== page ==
- We cannot give from an empty cup
- Dealing with fatigue from COVID-19 crisis
- What does self care look like for you?
- We can’t beat ourselves up if our lives don’t look like what they used to
The following is a full transcript of a Facebook Live, where Susie is speaking extemporaneously – she is unscripted and unedited.
Hi friends, Susie Miller here. It is a Wednesday, April 21st, 22nd. It is Wednesday at the end of April. I don’t know about you, but does it feel like the days are Groundhog days? Like we are going from one to the other to kind of not even know what day it is? Well, it is Wednesday. I am going to apologize in advance. My allergies are terrible. We are here in Arizona and we have survived the Tree pollen and now we’re into grass pollen. Are allergies bad where you are? If they’re bad, where you are, tell me the allergies that are bad, where you are. Spring is beautiful, but man, when everything blooms, we get all congested and all runny noses and it is not fun. Anyway, I’m killing some time waiting for some folks to get here who wanted to be on live today because today let’s talk about self-care for you in this time of coronavirus crisis because it is tough.
It is hard. And like I said, in the description, we cannot give from an empty cup. Our emotional margin in general is, is, you know, something we have to watch and maintain, but in this time of credit crisis, it is even more difficult to maintain that level of emotional margin. That level of, Hi Robert. Good. Sorry. There is, there are some internet gremlins today. We’re going to try this. I’m going to try to stay on task here with all the distractions, as you can tell, it’s hard, but our emotional tanks are running on empty our emotional margin, our ability to handle kind of incoming potshots or incoming unexpected, or incoming extra stresses. There isn’t any extra that we would normally draw on to be able to do that. The other piece that’s going on, that’s really big and really weighting is what they’re talking about and what the neuroscientists are.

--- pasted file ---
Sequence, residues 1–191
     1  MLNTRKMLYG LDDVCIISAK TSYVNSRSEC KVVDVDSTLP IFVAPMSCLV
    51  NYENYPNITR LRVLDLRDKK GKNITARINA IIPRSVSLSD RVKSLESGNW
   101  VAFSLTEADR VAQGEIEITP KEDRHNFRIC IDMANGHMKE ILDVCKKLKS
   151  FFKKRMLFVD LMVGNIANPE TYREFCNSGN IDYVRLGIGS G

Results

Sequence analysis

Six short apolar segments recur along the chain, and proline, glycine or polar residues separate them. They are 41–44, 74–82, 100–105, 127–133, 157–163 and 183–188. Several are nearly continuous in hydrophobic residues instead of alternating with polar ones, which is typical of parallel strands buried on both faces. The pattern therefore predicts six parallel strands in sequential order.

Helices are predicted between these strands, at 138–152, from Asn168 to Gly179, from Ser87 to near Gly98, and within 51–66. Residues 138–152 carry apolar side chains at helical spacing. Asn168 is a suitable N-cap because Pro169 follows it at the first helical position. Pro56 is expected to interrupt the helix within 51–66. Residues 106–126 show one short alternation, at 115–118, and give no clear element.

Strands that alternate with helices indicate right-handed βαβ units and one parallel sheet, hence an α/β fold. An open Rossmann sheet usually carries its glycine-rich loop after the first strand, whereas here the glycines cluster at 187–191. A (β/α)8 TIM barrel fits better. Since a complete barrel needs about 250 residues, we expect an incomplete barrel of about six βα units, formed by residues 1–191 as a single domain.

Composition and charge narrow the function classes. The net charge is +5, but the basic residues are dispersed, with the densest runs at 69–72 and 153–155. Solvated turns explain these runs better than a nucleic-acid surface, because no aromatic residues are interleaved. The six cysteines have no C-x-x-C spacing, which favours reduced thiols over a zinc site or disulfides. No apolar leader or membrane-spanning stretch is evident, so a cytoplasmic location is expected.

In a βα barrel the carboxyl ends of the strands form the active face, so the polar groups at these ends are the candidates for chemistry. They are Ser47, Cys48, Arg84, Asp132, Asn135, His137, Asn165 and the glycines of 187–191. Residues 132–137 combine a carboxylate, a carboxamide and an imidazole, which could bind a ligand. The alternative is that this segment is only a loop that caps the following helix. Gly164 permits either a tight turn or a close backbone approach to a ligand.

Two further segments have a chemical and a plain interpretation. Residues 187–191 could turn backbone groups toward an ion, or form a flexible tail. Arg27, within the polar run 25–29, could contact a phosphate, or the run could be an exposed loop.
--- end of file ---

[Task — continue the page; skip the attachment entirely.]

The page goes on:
And the psychologists and psychiatrists are calling is fatigue. So, no you’re not lazy. No, you’re not being unmotivated. No, you’re not a, you know, slump lump, you know, horrible person, but you are actually experiencing fatigue on top of being tired. And that fatigue is due to the mental energy. It’s requiring us to be on these video thing. Video chats, video meetings, zoom, Google hangout, a Microsoft team. Because what they’re saying is that in these video meetings, there’s not the physiological energy connection between our bodies. You know, like we draw energy from being around somebody, somebody, and we can read their nonverbal language. We can read, you know what? They’re trying to, their empathy, that when they lean in when they have, you know, different body language, communicating those are empathy or energy or agreement, none of that’s happening in this video world, unless you’re really schooled at it.
And what they’re saying is the requirement mentally that it takes for us to pick up all those cues on these zoom meetings is requiring more of us. So we are fatigued just in the fact that what we used to do naturally in a meeting is requiring more mental, emotional presence. And that makes us even more tired. Now that’s just one aspect of your life, just a zoom meeting, just a Google hangout, just a team meeting on top of that. You’ve got, you know, the worries about business, the worries about kids, the wondering if your kids are ever going to go back to school, I talked to a client yesterday. Who’s worried his kid’s falling behind the worries about your folks who you can’t see. And the other thing that’s a really big deal is normally when we’re in crisis, we have community that surrounds us.